When it comes to firearms in the home, New Jerseyans are divided on how helpful they perceive them to be for protection compared to the risks they pose, according to the latest Rutgers-Eagleton Poll in partnership with the New Jersey Gun Violence Research Center.

Thirty-two percent of residents polled in December 2023 think storing a firearm in one’s home as a tool doesn’t lower the risk of an intruder coming in and hurting someone in their household, 18 percent think it only slightly lowers the risk, 20 percent think it moderately lowers the risk, and 25 percent think it greatly lowers the risk. Five percent are unsure.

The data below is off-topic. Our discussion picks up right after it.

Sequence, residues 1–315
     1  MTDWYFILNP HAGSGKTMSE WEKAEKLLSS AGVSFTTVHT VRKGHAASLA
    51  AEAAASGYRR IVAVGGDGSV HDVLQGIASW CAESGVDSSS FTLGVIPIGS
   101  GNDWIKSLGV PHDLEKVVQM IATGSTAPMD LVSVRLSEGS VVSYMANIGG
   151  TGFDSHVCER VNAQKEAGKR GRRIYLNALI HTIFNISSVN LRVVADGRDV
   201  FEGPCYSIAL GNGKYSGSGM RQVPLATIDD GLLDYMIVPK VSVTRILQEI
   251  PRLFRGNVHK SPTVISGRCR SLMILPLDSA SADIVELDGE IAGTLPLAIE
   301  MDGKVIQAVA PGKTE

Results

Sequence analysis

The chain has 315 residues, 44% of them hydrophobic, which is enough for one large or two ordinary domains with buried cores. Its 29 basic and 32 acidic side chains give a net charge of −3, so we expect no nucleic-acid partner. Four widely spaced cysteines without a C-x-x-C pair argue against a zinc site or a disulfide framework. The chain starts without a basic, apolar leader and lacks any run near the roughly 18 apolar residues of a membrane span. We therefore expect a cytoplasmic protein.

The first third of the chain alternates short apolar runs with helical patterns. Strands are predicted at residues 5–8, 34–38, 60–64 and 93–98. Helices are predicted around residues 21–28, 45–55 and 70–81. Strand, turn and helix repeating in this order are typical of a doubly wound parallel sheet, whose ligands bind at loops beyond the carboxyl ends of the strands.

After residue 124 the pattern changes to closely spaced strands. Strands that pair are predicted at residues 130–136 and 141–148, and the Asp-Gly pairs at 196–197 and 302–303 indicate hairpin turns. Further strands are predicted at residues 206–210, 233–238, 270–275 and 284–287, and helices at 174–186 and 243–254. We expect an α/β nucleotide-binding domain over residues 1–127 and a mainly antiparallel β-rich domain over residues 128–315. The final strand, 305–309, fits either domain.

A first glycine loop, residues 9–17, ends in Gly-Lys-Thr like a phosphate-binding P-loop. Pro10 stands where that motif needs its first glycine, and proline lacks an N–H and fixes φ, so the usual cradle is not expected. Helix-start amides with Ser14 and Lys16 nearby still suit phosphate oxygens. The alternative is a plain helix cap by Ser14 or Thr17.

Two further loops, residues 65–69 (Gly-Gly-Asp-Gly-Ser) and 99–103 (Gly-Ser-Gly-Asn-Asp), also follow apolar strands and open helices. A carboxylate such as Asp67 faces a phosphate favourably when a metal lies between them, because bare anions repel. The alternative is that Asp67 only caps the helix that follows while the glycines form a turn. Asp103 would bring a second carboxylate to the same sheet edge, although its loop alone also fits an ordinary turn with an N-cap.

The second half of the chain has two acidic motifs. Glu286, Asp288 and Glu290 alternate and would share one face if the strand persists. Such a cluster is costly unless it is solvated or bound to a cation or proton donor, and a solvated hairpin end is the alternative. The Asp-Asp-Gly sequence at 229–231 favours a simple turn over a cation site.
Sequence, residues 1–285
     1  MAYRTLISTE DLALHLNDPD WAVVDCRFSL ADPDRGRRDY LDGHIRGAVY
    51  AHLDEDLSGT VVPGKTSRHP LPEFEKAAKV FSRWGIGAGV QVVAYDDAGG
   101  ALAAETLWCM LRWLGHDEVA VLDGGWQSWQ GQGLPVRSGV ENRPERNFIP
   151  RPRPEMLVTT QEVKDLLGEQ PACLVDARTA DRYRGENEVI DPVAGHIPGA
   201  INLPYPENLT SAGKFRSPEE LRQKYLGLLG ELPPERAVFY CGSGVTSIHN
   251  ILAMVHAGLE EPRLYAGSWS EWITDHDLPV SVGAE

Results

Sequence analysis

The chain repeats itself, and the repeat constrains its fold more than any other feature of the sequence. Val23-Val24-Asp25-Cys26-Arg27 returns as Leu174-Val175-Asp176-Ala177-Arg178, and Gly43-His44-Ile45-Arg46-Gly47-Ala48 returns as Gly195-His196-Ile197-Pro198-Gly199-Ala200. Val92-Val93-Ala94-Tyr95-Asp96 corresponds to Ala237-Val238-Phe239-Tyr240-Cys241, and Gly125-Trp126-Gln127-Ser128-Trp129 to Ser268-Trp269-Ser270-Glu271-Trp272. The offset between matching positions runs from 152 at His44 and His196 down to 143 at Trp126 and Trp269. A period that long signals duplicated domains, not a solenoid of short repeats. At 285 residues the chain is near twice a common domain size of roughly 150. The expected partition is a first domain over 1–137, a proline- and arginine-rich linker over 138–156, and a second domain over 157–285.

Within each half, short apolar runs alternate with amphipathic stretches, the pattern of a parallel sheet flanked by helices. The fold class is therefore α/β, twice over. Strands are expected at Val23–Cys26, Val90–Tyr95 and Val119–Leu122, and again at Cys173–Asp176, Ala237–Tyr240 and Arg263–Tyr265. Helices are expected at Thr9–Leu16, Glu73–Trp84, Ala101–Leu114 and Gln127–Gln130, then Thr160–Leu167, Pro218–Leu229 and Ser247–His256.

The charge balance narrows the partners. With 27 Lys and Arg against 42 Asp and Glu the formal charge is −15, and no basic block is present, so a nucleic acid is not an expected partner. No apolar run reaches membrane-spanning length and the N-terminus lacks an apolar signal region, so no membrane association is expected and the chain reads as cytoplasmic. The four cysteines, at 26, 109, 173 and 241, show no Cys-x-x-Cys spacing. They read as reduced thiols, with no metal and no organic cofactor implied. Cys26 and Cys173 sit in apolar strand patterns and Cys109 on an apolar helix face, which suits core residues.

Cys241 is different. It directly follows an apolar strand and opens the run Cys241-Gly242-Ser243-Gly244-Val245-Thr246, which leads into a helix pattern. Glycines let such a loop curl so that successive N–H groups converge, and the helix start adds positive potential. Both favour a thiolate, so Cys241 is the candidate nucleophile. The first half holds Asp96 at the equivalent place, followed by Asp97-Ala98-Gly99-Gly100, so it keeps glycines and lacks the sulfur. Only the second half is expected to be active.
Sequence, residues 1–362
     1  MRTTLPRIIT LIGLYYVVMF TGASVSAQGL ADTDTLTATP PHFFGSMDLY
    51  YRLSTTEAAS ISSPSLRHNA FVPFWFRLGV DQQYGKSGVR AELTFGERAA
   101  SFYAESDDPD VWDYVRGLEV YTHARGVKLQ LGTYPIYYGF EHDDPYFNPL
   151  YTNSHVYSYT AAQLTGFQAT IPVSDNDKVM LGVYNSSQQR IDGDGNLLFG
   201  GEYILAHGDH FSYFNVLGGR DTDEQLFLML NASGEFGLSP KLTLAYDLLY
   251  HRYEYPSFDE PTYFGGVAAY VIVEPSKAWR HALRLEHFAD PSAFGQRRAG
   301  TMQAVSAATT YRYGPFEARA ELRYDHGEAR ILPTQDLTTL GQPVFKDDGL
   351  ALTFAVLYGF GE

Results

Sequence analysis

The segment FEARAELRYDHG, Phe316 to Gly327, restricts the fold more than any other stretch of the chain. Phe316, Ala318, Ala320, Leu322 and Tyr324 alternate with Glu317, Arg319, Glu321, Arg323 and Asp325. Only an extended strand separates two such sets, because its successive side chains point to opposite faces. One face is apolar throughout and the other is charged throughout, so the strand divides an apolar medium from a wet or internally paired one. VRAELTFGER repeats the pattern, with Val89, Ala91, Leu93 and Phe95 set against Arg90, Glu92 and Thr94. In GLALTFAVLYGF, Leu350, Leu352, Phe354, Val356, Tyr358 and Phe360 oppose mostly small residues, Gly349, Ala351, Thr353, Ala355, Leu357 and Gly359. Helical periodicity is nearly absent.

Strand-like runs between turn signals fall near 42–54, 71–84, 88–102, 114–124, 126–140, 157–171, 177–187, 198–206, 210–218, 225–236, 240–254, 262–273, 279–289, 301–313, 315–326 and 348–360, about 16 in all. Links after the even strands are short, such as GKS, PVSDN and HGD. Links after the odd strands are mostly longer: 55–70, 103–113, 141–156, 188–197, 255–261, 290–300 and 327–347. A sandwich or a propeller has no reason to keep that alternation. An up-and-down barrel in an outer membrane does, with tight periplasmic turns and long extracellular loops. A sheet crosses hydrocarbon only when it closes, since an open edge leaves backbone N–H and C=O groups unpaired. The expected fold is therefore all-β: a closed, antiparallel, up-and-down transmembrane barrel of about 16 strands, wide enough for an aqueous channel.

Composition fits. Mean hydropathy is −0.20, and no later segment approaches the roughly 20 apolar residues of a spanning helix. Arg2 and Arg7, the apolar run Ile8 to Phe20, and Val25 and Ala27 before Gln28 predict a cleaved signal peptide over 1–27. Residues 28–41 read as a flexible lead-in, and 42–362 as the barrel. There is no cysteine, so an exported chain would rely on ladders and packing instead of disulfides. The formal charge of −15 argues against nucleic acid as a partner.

New Jerseyans are mixed not only on how much protection a firearm in the home offers, but on how risky it is for the household members who live in a residence where a gun is present. Thirty-three percent say a firearm in one’s home doesn’t increase the risk at all that someone in their home will die by suicide or unintentionally shoot themselves or someone else with that firearm, 23 percent say it slightly increases the risk, 13 percent say it moderately increases the risk, and 25 percent say it greatly increases the risk. Six percent are unsure. To read the full story.